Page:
The new Premier League season is only two weeks old, but early signs suggest home advantage has been wiped out entirely and there will be an abundance of goals.
From the 18 games played so far, there have been 11 away wins, only seven home wins and no draws whatsoever.
Yes, it is early days, but this trend has been rising since lockdown. In June, after the restart last season, away wins soared to 38 per cent - before dipping to 29 per cent in July.
The spike suggests empty stadiums affected results before regressing towards average levels. That exponential rise appears to be happening again on a grander scale this season in the Premier League: away wins currently stand at 61 per cent.
For context, in 2018/19, just 33.7 per cent of all matches ended with an away win - and that figure was the highest ratio for top-flight away wins in the history of league football.
As it stands, this season's Premier League is on course to double that record.
This season's data is, of course, skewed from only playing 18 games, but away teams have only ever won five or more games in a matchday in 14 per cent of rounds since the start of 2010/11.
Historic records factor rescheduled games in original matchdays, therefore providing a slightly skewed representation.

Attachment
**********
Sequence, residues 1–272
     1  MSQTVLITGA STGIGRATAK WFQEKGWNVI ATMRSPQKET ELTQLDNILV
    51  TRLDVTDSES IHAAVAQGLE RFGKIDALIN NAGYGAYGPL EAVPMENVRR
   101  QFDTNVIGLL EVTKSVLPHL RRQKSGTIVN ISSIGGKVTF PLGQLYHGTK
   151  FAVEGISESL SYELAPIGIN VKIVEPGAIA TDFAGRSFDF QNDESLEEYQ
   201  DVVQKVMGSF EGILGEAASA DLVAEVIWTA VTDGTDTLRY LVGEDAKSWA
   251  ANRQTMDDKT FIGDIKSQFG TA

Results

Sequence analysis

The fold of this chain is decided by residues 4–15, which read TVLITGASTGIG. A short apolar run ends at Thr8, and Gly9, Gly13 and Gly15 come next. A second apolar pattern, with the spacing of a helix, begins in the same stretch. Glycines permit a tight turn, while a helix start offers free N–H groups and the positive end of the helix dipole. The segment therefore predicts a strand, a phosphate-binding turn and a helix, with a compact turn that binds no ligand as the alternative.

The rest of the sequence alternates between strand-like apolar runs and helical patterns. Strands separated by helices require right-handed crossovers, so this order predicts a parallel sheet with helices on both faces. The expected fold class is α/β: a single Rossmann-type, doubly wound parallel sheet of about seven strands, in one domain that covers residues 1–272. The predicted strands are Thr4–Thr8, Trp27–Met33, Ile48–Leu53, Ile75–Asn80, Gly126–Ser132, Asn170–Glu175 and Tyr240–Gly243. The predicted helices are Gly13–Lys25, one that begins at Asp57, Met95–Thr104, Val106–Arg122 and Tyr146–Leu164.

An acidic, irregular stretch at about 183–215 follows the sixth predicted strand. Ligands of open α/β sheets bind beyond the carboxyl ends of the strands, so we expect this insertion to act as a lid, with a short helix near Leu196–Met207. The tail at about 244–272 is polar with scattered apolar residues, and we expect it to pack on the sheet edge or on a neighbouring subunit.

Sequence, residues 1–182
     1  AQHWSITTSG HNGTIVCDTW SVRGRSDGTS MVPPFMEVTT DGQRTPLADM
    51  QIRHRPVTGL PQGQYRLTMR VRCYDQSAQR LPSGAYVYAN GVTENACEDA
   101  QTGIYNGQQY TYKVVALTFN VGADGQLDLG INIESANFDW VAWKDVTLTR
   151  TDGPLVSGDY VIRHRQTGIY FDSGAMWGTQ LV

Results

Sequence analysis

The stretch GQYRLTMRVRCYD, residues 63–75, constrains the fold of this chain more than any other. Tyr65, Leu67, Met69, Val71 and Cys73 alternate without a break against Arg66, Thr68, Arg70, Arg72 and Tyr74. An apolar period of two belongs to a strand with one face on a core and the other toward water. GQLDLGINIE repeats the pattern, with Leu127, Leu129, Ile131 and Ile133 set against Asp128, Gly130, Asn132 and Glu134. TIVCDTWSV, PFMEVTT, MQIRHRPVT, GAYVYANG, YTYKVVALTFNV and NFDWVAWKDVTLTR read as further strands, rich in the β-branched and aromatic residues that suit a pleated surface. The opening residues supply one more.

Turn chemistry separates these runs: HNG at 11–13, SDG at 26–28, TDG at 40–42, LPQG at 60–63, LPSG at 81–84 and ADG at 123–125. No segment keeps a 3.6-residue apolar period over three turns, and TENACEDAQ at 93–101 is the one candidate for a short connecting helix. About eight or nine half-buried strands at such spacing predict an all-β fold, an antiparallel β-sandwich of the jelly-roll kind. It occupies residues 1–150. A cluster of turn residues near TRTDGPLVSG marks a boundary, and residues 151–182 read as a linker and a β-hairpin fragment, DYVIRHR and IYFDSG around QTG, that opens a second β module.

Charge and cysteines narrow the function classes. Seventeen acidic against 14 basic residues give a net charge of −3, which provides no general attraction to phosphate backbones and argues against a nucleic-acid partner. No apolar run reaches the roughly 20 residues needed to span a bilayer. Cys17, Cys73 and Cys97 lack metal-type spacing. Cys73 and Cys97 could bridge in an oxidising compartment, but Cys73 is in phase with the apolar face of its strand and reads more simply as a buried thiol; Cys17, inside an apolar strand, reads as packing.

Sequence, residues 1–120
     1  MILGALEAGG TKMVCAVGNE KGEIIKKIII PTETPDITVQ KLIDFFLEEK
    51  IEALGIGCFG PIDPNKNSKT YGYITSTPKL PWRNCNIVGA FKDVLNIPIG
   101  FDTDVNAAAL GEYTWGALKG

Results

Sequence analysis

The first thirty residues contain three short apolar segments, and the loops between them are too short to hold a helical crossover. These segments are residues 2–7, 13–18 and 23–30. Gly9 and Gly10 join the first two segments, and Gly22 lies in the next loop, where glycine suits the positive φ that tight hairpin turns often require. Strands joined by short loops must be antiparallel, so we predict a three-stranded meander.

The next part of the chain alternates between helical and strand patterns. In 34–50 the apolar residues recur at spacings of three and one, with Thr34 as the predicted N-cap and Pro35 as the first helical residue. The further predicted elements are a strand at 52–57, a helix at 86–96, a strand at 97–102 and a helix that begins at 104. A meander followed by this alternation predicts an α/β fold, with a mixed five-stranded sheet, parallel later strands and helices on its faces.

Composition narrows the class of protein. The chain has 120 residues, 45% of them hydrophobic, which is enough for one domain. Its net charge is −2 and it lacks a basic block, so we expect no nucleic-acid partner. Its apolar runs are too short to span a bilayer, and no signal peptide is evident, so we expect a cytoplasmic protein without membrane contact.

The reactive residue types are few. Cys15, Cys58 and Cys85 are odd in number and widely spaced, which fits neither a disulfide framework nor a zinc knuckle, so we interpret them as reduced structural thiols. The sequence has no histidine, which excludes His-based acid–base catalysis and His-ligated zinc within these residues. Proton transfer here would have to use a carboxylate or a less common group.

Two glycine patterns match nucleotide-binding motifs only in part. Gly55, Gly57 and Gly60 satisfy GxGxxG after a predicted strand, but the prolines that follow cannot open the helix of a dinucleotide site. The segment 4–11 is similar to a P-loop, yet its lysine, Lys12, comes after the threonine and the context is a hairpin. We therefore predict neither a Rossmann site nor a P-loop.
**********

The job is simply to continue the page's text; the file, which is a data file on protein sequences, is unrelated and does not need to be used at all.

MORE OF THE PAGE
When you consider that has now happened in two successive matchdays, coupled with the fact there were only eight games played in the opening round, there is a clear deviation from the norm.
These extremes are even clearer to see when you place them in the context of English football's entire history - since the Football League kicked off in 1888.
The graphic below shows the seasonal win percentage for home and away teams, in addition to draws, over the past 132 years. Away wins currently stand at an all-time high, with home wins and draws at all-time lows.
The new campaign has also kicked off with an abundance of goals, 67 to date, and the most recent round produced 44 - more than any other 10-game matchday in Premier League history.
The average Premier League game this season has produced 3.72 goals, the highest ratio in 60 years - predating England's World Cup triumph in 1966.
While a level of normality is expected to return, these wild early trends suggest the absence of fans is influencing results and, perhaps, the explosive gung-ho start.